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Partnership to improve aboriginal graduation rates

First Nations students in Chilliwack make up 15 per cent of the student population. In the 2009/10 school year, just 45.4 per cent who started Grade 8 in the district six years prior graduated. - JENNA HAUCK/ PROGRESS FILE
First Nations students in Chilliwack make up 15 per cent of the student population. In the 2009/10 school year, just 45.4 per cent who started Grade 8 in the district six years prior graduated.
— image credit: JENNA HAUCK/ PROGRESS FILE

Aboriginal adults have an opportunity to obtain their high school graduation through native culture.

Chilliwack school district and Stó:lo Education Centre have partnered again to provide a 10-month long high school completion program at Coqualeetza where students will be credited for work hours, parenting responsibilities, longhouse activities, and more.

The aboriginal adult high school completion program is a once-a-week program for aboriginal adults that teaches core subjects including English, math, science, and BC First Nations through a cultural eye.

“It’s not necessarily about going through each chapter of a textbook and memorizing things, or being able to write them on a test,” said teacher Bryan Stephenson. “It’s about incorporating aboriginal concepts, and being able to tell your story, and learn from those experiences. It’s about the wisdom of emotions and personal experience.”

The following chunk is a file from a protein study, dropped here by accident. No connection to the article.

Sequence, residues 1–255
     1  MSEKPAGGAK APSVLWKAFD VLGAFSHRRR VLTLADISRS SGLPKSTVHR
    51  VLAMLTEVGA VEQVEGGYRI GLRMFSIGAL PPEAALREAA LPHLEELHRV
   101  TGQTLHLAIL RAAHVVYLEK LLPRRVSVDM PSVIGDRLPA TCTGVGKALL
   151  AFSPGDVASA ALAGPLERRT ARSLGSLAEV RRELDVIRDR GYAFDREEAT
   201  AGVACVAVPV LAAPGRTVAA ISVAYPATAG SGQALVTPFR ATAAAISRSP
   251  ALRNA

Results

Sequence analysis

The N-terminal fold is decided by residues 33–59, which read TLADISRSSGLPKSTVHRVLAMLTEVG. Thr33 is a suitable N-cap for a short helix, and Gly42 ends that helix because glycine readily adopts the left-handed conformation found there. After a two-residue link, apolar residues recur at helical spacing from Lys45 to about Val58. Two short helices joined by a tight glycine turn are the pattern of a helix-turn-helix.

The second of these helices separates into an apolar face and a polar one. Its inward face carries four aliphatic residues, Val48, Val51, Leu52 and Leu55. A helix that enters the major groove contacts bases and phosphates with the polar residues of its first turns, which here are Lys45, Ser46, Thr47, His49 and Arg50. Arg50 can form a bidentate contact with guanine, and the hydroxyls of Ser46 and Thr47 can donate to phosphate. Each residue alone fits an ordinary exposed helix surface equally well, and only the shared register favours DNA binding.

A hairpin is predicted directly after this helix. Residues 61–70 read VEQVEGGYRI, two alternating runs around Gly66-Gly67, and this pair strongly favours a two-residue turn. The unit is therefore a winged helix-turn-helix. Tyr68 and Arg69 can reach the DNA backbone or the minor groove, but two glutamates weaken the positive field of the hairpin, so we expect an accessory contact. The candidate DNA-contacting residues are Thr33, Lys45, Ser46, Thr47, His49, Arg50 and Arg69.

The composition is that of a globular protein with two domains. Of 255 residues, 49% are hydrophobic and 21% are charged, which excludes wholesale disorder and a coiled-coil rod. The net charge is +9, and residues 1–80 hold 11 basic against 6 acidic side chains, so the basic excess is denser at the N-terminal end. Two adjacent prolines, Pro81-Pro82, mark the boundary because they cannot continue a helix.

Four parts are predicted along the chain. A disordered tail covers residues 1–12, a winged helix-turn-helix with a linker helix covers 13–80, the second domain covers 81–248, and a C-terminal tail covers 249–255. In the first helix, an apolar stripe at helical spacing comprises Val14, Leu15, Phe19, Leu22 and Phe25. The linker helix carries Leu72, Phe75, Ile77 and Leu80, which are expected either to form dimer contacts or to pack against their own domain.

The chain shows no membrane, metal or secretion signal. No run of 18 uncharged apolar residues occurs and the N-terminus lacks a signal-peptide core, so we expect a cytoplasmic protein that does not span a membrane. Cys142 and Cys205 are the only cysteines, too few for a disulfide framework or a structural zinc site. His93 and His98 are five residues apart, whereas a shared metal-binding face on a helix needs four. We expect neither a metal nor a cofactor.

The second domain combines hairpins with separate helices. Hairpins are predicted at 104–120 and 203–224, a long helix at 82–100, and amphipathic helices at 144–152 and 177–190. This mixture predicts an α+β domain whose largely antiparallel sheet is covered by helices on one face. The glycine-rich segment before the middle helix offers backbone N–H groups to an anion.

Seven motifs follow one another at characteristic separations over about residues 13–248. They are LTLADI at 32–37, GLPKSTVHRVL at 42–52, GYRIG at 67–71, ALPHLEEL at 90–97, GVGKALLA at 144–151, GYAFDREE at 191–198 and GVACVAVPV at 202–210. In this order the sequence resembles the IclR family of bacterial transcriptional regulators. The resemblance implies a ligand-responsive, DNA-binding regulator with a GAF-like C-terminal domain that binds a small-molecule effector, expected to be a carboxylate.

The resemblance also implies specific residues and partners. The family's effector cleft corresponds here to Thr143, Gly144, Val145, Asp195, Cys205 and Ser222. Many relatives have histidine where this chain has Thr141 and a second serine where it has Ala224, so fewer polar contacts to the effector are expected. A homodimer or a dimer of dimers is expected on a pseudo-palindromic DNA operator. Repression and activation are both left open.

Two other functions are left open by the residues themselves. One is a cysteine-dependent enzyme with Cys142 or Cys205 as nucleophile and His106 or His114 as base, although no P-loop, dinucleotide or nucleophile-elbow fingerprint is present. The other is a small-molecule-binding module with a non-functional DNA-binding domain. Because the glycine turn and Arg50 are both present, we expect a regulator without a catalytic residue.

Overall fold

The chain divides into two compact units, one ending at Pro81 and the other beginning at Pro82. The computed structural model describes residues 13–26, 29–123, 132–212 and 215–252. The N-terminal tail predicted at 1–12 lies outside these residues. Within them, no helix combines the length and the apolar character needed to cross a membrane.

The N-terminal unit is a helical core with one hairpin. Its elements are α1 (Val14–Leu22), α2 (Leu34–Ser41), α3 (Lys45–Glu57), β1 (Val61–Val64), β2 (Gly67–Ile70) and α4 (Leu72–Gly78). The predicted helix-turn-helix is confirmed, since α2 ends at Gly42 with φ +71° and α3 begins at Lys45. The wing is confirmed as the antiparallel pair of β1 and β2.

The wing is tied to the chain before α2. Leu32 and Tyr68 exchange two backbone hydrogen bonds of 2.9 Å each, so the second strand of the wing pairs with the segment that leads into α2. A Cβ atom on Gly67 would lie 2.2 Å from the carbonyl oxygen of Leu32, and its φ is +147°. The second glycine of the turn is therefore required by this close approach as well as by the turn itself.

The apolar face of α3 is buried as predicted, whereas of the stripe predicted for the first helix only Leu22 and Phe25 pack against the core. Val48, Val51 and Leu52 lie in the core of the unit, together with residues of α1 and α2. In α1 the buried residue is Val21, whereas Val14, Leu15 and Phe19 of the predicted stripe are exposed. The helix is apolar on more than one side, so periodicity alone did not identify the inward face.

First Nations students in Chilliwack make up 15 per cent of the student population. In the 2009/10 school year, just 45.4 per cent who started Grade 8 in the district six years prior graduated.

This program aims to improve those numbers.

Stephenson, who is Métis, said this completion program is different from others in that it focuses on the needs and values of native people, and incorporates their culture into the lessons.

The program conducts regular speaking circles for students to share their feelings and desires towards education. It embodies native history into English and social studies lessons. For science, it links herbs and medicines used for centuries on First Nation land that are also used in common pharmaceuticals.

“I’ve seen the pride and happiness of people graduating who never thought they could graduate and never would have without this program,” said Stephenson. “It uses their knowledge of where they come from.”

The program is designed for native adults 19 years or older, but will also accept 17- and 18-year-olds who have been out of school for one academic year.

Prior to starting, student skills will be assessed, career goals will be discussed, and past experiences in areas of work training, volunteering, cultural activities, exercise, sports and hobbies will be put towards academic credits.

Individual plans will be devised for each student.

“If students are serious about this and are willing to attend just one day a  week ... they can graduate in 10 months,” said Stephenson.

“The major component of the aboriginal adult high school completion program is to tailor the academics to fit the unique needs of each adult.”

The program runs on Thursdays from 5:30 p.m. to 8:30 p.m. from September to June.

An information potluck dinner is being held on Thursday, Sept. 15 at the Stó:lo Education Centre in Building 18 starting at 5:30 p.m.

For more information contact Bryan Stephenson at 604-823-0229 or by email at yarrow1@telus.net.

kbartel@theprogress.com

twitter.com/schoolscribe33

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